29/11/2022 - Last update 20/04/2023

EBM studies in osteopathy


[reading time: 2 minutes]

As stated in the last OIA Global Report1, osteopathy is growing all over the world, but nevertheless the debate remains lively about the effectiveness of the results that can be achieved by its application. The lack of solid scientific evidence on a large scale greatly penalizes the recognition of osteopathy and its inclusion in the health care systems.

Many considerations have been made within the osteopathic community with regard to the methodological issues and to the possibilities to use the EBM criteria during the implementation of the scientific studies in the osteopathic field.

In fact, in the research of osteopathic medicine it is not possible to apply one of the requirements of the RCT, ie, the blinding of the practitioner.

However, some studies have been carried out on both the single intervention (like the high-velocity low amplitude thrust, which alleviates the acute condition of a rachialgia) and the effect of OMT on specific parameters in the study participants. In this last case often a protocol called “black box” is used. The black box leaves the practitioner free to apply the main principles of osteopathy treating “what he or she finds” in the patient, while to measure the outcomes indirect parameters are evaluated, like the length of stay or the reduction of the medicines administered2.

Notwithstanding the foregoing, it is undeniable that numerous studies have been carried out in the osteopathic field.

An article on the osteopathic empirical research3, published in 2021, carried out a bibliometric analysis from 1966 to 2018, including 389 eligible articles. It results that the number of studies has doubled every 5 years, especially thanks to the contribution of the United States, Italy, Spain and the United Kingdom.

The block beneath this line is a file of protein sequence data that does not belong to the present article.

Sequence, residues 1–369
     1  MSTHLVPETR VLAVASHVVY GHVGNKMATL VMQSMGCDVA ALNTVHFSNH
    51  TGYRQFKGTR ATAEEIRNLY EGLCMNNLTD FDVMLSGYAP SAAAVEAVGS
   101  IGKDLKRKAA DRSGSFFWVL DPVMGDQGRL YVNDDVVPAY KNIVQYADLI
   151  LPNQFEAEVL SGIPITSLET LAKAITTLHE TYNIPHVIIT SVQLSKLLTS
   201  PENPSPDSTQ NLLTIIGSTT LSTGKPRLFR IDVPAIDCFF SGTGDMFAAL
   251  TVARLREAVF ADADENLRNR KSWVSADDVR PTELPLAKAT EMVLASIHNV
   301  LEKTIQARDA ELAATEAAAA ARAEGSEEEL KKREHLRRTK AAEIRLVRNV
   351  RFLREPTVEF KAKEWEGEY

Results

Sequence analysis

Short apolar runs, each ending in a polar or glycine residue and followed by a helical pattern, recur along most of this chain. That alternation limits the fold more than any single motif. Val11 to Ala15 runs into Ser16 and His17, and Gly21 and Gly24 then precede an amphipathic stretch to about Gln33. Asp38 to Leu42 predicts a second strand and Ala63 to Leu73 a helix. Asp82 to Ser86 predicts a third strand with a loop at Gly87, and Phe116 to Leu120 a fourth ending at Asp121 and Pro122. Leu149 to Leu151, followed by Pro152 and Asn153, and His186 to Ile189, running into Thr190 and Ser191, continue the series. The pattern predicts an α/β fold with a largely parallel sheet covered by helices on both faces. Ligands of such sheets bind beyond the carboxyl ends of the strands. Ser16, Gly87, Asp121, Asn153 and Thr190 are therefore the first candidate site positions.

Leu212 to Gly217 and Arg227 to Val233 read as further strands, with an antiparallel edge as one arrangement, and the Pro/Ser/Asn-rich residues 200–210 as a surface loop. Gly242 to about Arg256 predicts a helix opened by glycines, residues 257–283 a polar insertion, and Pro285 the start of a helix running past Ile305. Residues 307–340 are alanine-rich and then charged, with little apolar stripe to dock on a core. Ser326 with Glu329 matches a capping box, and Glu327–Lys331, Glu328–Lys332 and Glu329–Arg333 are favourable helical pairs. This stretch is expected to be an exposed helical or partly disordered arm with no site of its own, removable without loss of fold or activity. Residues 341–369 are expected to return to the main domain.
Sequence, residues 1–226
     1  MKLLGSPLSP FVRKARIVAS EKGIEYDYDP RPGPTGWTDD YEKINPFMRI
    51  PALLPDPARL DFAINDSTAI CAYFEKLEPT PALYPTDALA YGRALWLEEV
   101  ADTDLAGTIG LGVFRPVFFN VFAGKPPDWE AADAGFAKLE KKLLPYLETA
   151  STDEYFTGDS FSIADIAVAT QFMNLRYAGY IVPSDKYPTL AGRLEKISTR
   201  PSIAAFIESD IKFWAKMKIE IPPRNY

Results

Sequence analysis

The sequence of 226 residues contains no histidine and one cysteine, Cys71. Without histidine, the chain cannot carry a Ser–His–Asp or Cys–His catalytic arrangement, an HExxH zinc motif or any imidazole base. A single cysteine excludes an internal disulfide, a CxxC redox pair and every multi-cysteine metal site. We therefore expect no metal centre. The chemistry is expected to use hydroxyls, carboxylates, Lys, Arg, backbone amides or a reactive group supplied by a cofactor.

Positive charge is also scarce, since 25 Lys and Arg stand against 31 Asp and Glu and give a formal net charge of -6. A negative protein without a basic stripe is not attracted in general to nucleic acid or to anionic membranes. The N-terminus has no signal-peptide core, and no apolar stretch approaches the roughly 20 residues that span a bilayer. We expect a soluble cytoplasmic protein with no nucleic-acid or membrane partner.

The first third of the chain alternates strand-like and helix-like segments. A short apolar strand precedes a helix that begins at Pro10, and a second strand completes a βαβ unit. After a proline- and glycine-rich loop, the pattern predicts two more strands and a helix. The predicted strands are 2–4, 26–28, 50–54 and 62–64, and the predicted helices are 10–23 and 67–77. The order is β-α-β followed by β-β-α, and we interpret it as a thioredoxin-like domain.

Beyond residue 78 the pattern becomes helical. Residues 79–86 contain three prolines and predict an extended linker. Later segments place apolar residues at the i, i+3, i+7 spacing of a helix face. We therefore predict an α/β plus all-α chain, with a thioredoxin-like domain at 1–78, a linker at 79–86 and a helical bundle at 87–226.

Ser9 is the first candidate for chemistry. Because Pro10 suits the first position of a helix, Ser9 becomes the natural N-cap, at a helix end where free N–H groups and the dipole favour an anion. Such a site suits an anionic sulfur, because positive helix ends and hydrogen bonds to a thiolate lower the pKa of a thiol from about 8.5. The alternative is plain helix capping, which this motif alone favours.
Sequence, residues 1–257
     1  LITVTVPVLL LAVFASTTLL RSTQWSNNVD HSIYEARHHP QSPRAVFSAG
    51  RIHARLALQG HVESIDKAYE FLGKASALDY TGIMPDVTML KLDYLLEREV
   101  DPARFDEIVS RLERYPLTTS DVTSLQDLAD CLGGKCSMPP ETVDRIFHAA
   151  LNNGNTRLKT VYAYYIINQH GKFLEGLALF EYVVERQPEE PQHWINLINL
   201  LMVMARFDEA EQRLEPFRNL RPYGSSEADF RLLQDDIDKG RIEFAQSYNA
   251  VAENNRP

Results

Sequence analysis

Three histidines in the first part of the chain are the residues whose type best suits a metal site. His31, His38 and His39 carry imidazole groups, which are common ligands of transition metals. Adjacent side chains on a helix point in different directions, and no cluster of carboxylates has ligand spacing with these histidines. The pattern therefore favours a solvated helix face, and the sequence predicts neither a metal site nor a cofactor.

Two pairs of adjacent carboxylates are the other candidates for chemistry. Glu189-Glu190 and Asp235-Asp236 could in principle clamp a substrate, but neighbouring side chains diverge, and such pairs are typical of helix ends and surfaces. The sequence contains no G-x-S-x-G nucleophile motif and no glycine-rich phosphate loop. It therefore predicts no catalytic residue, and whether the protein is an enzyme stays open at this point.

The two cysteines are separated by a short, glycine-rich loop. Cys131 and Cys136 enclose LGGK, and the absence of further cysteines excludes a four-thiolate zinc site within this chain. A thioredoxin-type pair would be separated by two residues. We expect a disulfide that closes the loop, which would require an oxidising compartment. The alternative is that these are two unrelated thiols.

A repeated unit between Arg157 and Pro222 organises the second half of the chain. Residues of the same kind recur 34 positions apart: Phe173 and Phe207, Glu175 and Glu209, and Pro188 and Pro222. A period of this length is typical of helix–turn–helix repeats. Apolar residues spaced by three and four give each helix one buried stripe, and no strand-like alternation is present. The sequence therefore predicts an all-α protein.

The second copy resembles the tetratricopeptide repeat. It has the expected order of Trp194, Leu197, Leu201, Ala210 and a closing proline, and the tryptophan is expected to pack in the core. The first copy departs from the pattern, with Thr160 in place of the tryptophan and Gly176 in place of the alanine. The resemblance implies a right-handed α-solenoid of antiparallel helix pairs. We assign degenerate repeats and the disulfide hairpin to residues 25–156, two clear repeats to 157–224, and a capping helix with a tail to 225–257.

The articles of osteopathic research, 23 of which are mentioned more than 100 times, have been published in 103 different indexed journals, although more than half of the articles (53,7%) have been published in one of the three niche magazines for osteopaths.

The most frequent study design is the RCT, although they are often pilot studies, nevertheless there are also many systematic reviews. According to the recommendations emerging from these review studies, there is the need to conduct bigger and more robust studies to evaluate the efficacy of osteopathy, but also the mechanisms of action underlying the osteopathic interventions. In fact the understanding of the physiological mechanisms would contribute to establish objective and measured outcomes and in turn it would support the design of rigorous clinical experimentations.

For further details please refer to the page of Osteopedia reporting the reviews of the osteopathic scientific studies.g


  1. OIA Osteopathic Healthcare. Global review of osteopathic medicine and osteopathy 2020, International Alliance.
  2. Cerritelli, F., Pizzolorusso, G., Renzetti, C., Cozzolino, V., D’Orazio, M., Lupacchini, M., Marinelli, B., Accorsi, A., Lucci, C., Lancellotti, J., Ballabio, S.,
  3. Castelli, C., Molteni, D., Besana, R., Tubaldi, L., Perri, F. P., Fusilli, P., D’Incecco, C. A multicenter, randomized, controlled trial of osteopathic manipulative treatment on preterms. PloS one, 10(5), e0127370.
  4. Cerritelli F, Lanaro D. Elementi di ricerca in osteopatia e terapie manuali. Napoli: Edises, 2018.
  5. Morin C, Gaboury I. Osteopathic empirical research: a bibliometric analysis from 1966 to 2018. BMC Complement Med Ther. 2021 Jul 7;21(1):196. doi: 10.1186/s12906-021-03366-3.






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